My first big assignment for the Fordham Observer this semester is to cover the New York Film Festival. I think it is with this task that I may get my most substantial learning experience since I decided to become a critic. I have already met a couple of writers who have given me valuable advice that I know will aid me in the future. If nothing else, at least I'm finally seeing and reviewing movies for free!

I could not attend nearly all the press screenings because of my school schedule, but here are the ones I did see in order of public exhibition date. This slate will be updated as I see more movies. Trailers and clips are provided for the movies that have them available.

The Social Network (PG-13)

Anytime a new technology is invented or an old one is reformed, there is bound to be somebody who asks if the change is necessary. I expect many will ask that question when they leave The Social Network, David Fincher's terrific dramatization of the creation of Facebook. They won’t be pondering so much about their relationship with the website as they will about the impact it has on the characters. As written by Aaron Sorkin and played by a remarkable ensemble of rising stars, the young entrepreneurs are personable figures whose lives are damaged by their unpredictably successful product.

Facebook is only a MacGuffin in the story, existing as the characters’ device for profit, spite, anarchy and unrequited connection. The website’s possibilities are what facilitate the drama between creator Mark Zuckerberg (Jesse Eisenberg), financier Eduardo Saverin (Andrew Garfield) and spokesperson Sean Parker (Justin Timberlake). Their conflicting ideas on how to approach the product and why begin the string of betrayals and inspiration that built Facebook’s worldwide status. In the fashion of capitalist stories like Citizen Kane, the characters fail or corrupt their personal goals and are left with their new wealth. The website Zuckerberg created to improve his image on campus stamps out the only friends he had.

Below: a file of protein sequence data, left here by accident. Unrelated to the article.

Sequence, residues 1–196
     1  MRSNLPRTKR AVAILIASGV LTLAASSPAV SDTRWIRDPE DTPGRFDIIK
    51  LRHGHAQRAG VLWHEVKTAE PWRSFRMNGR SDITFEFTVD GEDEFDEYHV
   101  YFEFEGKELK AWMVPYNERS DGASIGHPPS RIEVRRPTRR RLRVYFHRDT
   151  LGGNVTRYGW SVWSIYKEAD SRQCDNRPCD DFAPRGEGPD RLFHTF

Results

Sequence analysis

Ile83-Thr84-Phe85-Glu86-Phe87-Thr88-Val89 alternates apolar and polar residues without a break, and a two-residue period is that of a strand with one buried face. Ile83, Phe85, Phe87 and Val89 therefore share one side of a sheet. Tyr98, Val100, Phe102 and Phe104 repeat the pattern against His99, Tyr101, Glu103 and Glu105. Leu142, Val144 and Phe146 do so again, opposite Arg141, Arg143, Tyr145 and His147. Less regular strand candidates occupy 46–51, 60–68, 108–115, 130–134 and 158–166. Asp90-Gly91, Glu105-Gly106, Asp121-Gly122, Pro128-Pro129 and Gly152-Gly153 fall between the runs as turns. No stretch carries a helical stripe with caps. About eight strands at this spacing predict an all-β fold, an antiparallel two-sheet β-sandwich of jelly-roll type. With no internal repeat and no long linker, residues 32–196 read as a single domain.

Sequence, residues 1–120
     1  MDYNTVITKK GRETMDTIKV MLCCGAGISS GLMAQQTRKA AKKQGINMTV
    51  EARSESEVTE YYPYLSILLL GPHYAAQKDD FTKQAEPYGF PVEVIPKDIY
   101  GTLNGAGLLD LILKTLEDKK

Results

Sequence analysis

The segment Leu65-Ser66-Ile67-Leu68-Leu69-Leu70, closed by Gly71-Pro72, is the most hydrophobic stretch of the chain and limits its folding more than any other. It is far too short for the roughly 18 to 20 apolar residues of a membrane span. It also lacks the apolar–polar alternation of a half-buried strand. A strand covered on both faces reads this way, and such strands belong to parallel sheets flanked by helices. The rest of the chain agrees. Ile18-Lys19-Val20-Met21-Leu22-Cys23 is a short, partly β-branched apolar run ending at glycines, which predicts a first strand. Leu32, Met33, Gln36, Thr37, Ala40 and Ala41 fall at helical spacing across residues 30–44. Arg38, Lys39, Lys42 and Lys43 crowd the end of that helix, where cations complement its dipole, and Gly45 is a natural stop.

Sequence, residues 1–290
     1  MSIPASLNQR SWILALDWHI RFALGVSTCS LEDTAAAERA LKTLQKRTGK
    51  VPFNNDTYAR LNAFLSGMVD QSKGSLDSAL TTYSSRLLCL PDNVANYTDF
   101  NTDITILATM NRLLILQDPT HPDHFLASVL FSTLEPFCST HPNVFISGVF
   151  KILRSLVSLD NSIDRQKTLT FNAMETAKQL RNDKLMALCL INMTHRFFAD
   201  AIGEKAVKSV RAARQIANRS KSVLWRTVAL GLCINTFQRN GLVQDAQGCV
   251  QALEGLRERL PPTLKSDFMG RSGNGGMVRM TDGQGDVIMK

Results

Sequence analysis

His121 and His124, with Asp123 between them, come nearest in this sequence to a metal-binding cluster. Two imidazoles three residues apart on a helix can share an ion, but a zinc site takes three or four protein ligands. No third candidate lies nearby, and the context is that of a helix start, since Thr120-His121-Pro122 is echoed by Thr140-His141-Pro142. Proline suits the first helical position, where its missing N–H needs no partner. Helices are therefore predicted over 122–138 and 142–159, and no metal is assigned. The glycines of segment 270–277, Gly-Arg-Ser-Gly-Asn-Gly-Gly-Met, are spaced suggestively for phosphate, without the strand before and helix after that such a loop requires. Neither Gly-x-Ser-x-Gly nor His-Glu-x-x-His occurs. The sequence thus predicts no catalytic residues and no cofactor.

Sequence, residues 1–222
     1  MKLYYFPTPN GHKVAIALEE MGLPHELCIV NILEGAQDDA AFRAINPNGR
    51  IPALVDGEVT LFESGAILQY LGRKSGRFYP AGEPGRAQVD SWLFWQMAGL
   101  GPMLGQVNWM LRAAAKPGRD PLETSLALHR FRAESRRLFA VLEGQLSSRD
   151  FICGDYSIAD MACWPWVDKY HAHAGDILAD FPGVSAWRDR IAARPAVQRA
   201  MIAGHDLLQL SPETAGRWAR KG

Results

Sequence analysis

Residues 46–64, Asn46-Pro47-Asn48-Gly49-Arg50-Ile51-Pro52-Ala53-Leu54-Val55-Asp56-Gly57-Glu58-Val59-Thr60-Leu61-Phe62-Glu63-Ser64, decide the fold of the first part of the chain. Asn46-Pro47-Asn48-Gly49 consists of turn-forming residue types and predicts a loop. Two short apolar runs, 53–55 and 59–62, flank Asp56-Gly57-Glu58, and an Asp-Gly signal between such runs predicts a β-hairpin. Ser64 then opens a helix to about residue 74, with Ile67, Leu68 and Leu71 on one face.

LENNONYC (NR) – Airing on PBS Nov. 22

Falling upon the 30th anniversary of John Lennon's death in 1980, this documentary by Michael Epstein chronicles the last nine years of Lennon's life. It begins with his and Yoko Ono's move to New York in 1971 and covers topics like his activism, his immigration struggles, his substance abuse and his family life. Photos, archival footage (some of which is presented in high definition for the first time) and interviews with Ono, friends and colleagues present the information in this funny, informative and affecting movie.

One may question whether another documentary is needed after films like Imagine: John Lennon (1988) and The U.S. vs. John Lennon (2007) have supposedly covered his life as thoroughly as possible. I cannot answer that question since I am not a Lennon fan and have only seen two of those documentaries. What I can say is that this new movie is sure to entertain both learned fans and curious novices. There is new material to savor here, including recording session outtakes for albums like Double Fantasy. The interviews are casual yet respectful, keeping the tone from swaying too much between light and serious. It all adds up to an entertaining portrait of a prolific artist.

Robinson in Ruins (NR)
The third in a series of “landscape essays” by English filmmaker Patrick Keiller, this movie is a series of shots documenting the English countryside, particularly in and around Newbury. Like Keiller’s earlier two films, London (1994) and Robinson in Space (1997), the film presents the records of a fictional researcher named Robinson (his remarks are spoken by Vanessa Redgrave). The narration covers various topics from Robinson’s studies of the area, including historical landmarks and the effect of recent economic downturns on the United Kingdom.

Robinson in Ruins has a plentiful supply of lovely scenery. Every English location is shot naturally and without saturation to focus on its innate beauty (I especially loved a shot of a mist-enveloped train track). The average shot length gives the viewer time to gaze over each detail in the frame. Unfortunately, the movie’s deliberate pace spoils the effect. There is no music at all, so shots without narration or any other sound drag on for what feels like minutes. Also, the scholarly narration with only trace amounts of humor becomes tedious despite a few interesting visual pairings (one instance of Redgrave recounting the economic decline is matched with a spider closing the center of its web). Robinson in Ruins is ultimately a pleasant but monotonous package that might be better, or at least shorter, as a National Geographic article.


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